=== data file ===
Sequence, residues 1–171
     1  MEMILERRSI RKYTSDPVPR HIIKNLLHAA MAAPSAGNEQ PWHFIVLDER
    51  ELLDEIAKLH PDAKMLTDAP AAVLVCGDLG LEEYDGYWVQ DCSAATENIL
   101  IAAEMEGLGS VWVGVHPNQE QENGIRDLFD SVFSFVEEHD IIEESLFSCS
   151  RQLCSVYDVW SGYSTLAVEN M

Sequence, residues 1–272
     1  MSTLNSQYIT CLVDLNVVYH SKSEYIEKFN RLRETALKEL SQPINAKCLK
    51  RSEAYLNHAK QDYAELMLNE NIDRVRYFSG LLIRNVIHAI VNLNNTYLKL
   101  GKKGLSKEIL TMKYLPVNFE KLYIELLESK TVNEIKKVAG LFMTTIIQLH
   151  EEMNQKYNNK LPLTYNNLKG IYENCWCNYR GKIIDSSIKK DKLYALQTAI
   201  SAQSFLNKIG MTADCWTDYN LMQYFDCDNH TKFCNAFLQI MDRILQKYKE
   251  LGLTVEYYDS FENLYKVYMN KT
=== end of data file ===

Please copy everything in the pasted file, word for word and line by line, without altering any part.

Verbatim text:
Sequence, residues 1–171
     1  MEMILERRSI RKYTSDPVPR HIIKNLLHAA MAAPSAGNEQ PWHFIVLDER
    51  ELLDEIAKLH PDAKMLTDAP AAVLVCGDLG LEEYDGYWVQ DCSAATENIL
   101  IAAEMEGLGS VWVGVHPNQE QENGIRDLFD SVFSFVEEHD IIEESLFSCS
   151  RQLCSVYDVW SGYSTLAVEN M

Sequence, residues 1–272
     1  MSTLNSQYIT CLVDLNVVYH SKSEYIEKFN RLRETALKEL SQPINAKCLK
    51  RSEAYLNHAK QDYAELMLNE NIDRVRYFSG LLIRNVIHAI VNLNNTYLKL
   101  GKKGLSKEIL TMKYLPVNFE KLYIELLESK TVNEIKKVAG LFMTTIIQLH
   151  EEMNQKYNNK LPLTYNNLKG IYENCWCNYR GKIIDSSIKK DKLYALQTAI
   201  SAQSFLNKIG MTADCWTDYN LMQYFDCDNH TKFCNAFLQI MDRILQKYKE
   251  LGLTVEYYDS FENLYKVYMN KT